‘Like new Cold War’ Russia hits US with new threats ahead of crucial Biden summit
Russia: Expert discusses new threats to US ahead of summit
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An analyst has compared US-Russia relations to the years of the Cold War, as tensions mount between the countries ahead of a summit later this month. A Russian defence minister said on Monday that the Russian military would form 20 new units the west of the country to counter what it regards as a military threat from NATO. Russian deputy foreign minister Sergei Ryabkov said that its expansion was part of a strategy to send “uncomfortable” signals to the US, while President Joe Biden said that he would press Vladimir Putin to uphold human rights.
Amy Kellogg, foreign affairs correspondent at Fox News, said that the summit in Geneva on June 16 already appears tense.
She said: “One Russia analyst told me that even the venue of Geneva sounds very Cold War, it’s where Reagan and Gorbachev met.
“It is the most neutral of neutral environments and frankly it’s where adversaries meet.
“Though the Cold War is technically over, the continuous expansion and activity of NATO, the fact that NATO still exists frankly, has been a thorn in Russia’s side for 20 years.”
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Secretary-General of NATO Jens Stoltenberg said the alliance was open to dialogue with Russia.
“We will continue to try to convene the NATO/Russia council,” he said
“We are ready to sit down with Russia because we think it’s important to talk, especially when times are difficult as they are now.”
Ms Kellogg added that: “President Biden has said he thinks that President Putin is a killer and he does not plan to go easy on him at this upcoming summit on a whole number of issues, including democratic values.”
Joe Biden has made it clear he wants the US to return to a global leadership role in foreign policy, a reversal of Donald Trump’s largely isolationist approach.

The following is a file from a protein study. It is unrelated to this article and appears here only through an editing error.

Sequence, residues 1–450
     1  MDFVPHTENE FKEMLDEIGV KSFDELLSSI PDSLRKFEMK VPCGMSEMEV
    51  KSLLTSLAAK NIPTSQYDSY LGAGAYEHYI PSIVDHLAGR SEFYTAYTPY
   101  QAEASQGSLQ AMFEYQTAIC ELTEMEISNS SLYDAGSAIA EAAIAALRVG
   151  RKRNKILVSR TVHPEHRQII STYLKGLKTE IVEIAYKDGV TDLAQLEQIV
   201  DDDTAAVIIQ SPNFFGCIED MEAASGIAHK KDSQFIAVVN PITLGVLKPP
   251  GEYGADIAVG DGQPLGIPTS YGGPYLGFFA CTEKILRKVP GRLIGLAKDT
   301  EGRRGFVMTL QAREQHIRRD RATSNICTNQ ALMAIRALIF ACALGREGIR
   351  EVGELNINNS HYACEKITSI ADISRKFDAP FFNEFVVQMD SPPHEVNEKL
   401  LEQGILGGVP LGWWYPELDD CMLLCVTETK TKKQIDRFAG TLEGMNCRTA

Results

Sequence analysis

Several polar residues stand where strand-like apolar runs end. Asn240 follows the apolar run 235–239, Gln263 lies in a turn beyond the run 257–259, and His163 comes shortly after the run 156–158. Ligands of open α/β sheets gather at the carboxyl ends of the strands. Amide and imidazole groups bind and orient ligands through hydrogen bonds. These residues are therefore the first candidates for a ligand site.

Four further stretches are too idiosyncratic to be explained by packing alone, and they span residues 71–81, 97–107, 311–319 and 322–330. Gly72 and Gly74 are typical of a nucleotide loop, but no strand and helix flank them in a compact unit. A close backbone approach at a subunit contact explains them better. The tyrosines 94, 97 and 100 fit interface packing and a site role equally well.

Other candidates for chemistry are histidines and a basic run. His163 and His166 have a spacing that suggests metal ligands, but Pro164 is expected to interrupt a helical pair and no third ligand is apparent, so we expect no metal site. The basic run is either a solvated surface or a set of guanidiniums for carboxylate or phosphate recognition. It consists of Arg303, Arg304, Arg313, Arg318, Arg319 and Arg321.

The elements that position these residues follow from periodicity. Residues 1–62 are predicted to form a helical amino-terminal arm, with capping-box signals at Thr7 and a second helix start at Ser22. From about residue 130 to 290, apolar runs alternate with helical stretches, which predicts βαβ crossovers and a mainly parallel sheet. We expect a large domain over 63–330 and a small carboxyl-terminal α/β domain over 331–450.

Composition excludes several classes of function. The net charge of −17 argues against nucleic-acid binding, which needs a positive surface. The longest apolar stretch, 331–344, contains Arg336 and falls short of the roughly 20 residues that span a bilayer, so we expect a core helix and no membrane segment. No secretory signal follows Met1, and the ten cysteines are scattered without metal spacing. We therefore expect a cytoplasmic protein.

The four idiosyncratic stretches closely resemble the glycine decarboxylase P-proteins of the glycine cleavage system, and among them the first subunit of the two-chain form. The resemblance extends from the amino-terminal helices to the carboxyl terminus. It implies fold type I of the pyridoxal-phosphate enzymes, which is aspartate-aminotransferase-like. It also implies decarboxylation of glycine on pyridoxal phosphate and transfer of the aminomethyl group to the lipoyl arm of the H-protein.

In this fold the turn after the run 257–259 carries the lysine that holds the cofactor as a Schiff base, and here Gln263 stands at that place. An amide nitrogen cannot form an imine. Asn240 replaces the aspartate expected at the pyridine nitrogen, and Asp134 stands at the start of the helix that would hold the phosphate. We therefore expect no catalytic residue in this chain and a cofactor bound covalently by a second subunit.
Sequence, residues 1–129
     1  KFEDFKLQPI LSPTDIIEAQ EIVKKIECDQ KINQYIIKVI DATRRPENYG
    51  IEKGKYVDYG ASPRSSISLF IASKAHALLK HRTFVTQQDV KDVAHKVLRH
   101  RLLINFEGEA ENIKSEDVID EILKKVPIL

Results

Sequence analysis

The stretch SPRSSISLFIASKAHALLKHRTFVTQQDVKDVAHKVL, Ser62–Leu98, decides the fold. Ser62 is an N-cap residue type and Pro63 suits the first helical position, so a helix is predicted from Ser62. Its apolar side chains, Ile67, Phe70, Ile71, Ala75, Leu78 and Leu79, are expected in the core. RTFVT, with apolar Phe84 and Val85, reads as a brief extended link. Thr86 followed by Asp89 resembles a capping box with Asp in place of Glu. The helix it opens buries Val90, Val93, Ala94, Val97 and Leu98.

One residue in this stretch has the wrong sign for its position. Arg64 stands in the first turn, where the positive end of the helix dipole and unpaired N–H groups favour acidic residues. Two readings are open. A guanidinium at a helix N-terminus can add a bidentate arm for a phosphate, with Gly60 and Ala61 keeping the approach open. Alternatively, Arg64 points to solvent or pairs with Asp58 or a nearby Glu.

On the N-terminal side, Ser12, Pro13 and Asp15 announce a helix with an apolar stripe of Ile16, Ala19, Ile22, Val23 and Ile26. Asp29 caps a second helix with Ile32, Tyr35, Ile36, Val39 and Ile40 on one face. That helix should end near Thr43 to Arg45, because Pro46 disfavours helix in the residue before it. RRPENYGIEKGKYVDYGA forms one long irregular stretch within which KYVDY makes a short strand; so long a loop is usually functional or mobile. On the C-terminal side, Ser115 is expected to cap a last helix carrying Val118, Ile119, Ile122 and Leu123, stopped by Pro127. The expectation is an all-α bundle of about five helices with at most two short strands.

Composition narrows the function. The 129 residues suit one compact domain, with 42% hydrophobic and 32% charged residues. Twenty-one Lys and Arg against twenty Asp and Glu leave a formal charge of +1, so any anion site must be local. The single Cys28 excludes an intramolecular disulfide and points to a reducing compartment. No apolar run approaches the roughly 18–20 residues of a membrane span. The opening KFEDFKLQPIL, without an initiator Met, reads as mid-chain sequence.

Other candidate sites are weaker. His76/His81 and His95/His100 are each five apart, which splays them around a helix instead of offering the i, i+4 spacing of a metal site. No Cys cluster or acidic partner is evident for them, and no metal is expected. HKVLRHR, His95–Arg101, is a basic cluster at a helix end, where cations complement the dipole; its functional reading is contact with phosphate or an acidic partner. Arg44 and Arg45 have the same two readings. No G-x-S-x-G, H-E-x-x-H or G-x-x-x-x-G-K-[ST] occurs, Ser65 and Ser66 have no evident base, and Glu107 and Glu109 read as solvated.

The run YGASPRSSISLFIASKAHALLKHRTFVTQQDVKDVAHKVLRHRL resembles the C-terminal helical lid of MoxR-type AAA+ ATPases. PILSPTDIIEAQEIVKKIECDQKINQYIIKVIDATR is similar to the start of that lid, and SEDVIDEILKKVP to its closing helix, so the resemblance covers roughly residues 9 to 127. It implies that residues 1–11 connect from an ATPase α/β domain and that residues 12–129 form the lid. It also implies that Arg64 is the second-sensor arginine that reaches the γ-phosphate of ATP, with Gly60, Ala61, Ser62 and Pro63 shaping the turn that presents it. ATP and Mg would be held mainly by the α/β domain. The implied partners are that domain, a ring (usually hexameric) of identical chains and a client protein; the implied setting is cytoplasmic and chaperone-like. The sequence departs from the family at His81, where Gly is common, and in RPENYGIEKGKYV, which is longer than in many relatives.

At a memorial service in Wilmington, Delaware he said that “It’s time to remind everybody who we are.”
He added in respect to human rights, he would approach the summit with President Putin “Making it clear that we will not, we will not, stand by and let him abuse those rights.”
Sergei Ryabkov said a day later that “The Americans must assume that a number of signals from Moscow … will be uncomfortable for them, including in the coming days.”
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Tensions between the US and Russia have heightened on a number of issues, including Putin’s arrest and imprisonment of opposition leader Alexey Navalny.
The US has also condemned Russia for its build-up of forces on the volatile Ukrainian border, and accused it of hacking American elections.
Russia also backed its ally Belarus after a Ryanair flight was hijacked by Belarusian authorities to arrest an opposition journalist, an action strongly condemned by the EU and US.
NATO troops, warships and aircraft are currently taking part in military exercises across Europe and the Atlantic.
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